How To Look At A House
McGarry and Madsen's home inspection blog for buyers of
site-built, mobile/manfuactured and modular homes
Does a home inspector check interior finishes like paint, wallpaper, and carpet?
Tuesday, April 28, 2020
Inspectors are required to report on interior floors, walls, and ceilings; but finishes like paint, wallpaper, floor coverings and carpet are specifically excluded from the inspection requirements of the Standards of Practice of both national home inspector associations, the American Society of Home Inspectors (ASHI) and International Association of Certified Home Inspectors (InterNACHI), and the State of Florida. So, for example, you can expect the inspector to note cracks, damage, and other defects that affect the structural integrity and function of the walls, floors, and ceilings—but not a carpet stain or missing slat in a window blind.
One exception would be any area of bubbling, peeling, or discolored paint that could be an indication of a problem beneath the paint surface. And, while paint is essentially a decorative surface on the interior of a home, it is a moisture protection coating at the exterior. Deteriorated or missing areas of paint can allow water intrusion and, on wood surfaces, wood rot. So the condition of exterior paint is definitely a required part of a home inspection.
While the Standards of Practice set minimum standards, a home inspector may choose to exceed them, or the inspection may be limited to less than what is outlined in the standards when agreed to by the homebuyer and specified in an inspection agreement. A four-point insurance inspection would be example of a limited inspection.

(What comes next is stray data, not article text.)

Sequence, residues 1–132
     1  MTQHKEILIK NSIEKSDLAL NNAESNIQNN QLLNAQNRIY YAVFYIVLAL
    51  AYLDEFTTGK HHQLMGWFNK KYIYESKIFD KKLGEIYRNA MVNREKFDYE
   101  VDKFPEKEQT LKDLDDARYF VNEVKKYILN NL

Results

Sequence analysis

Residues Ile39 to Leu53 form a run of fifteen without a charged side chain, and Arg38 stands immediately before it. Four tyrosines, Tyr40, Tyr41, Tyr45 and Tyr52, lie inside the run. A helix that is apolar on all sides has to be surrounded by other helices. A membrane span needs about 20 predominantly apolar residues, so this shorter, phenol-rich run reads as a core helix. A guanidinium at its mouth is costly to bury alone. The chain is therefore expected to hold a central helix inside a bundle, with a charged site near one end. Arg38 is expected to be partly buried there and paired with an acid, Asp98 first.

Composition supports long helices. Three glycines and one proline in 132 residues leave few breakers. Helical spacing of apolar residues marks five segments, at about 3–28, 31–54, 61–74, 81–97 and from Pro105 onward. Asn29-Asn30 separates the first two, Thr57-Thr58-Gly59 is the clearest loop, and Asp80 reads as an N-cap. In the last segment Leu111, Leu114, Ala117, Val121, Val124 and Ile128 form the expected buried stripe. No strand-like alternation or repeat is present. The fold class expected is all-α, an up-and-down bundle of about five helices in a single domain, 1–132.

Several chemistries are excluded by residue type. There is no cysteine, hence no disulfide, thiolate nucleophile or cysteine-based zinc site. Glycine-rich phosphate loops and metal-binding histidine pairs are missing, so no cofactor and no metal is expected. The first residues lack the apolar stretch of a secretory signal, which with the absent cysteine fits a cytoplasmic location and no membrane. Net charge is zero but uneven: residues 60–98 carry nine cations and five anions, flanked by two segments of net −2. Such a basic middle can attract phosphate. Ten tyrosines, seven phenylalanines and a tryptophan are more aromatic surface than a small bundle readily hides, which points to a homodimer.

Click on any of the links below to read other articles about what is required to be included, or not, in a home inspection:
AFCI •• Air conditioner •• Ants •• Appliance recalls •• Appliance testing •• Attic •• Awnings •• Barns and ag blgs. •• Bathroom exhaust fan •• Bonding •• Carpet •• Ceiling fans •• Central vacuum •• Chimneys •• Chinese drywall •• Clothes dryer •• Dryer exhaust •• CO alarms •• Code violations •• Condemn a house •• Crawl space •• Detached carport •• Detached garage •• Dishwasher •• Docks •• Doors •• Electrical •• Electrical panel •• Electromagnetic radiation •• Fences •• Fireplaces •• Furnace •• Furniture •• Garage door opener •• Garbage disposal •• Generator •• GFCIs •• Gutters •• Ice maker •• Inspect in the rain •• Insulation •• Insurance •• Interior Finishes •• Grading & drainage •• Lead paint •• Level of thoroughness •• Lift carpet •• Low voltage wiring •• Microwave •• Mold •• Move things •• Help negotiate •• Not allowed •• Outbuildings •• Paint •• Permits •• Pilot lights •• Plumbing •• Plumbing under slab •• Pools •• Questions won't answer •• Radon •• Range/cooktop •• Receptacle outlet •• Refrigerator •• Reinspection •• Remove panel cover •• Repairs •• Repair estimates •• Retaining walls •• Roaches •• Rodents •• Roof •• Screens •• Seawalls •• Septic loading dye test •• Septic tank •• Sewer lines •• Shower pan leak test •• Shutters •• Sinkholes •• Smoke alarms •• Solar panels •• Specify repairs •• Sprinklers •• Termites •• Toilets •• Trees •• Troubleshooting •• Wall air conditioners •• Walk roof •• Washing machine •• Water heater •• Water pressure •• Water shut-offs •• Main water shut-off •• Water softener •• Water treatment systems •• Well •• Windows •• Window air conditioners •• Window blinds •• Wiring
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To learn more strategies for getting the best possible home inspection, here’s a few of our other blog posts:
To read about issues related to homes of particular type or one built in a specific decade, visit one of these blog posts:
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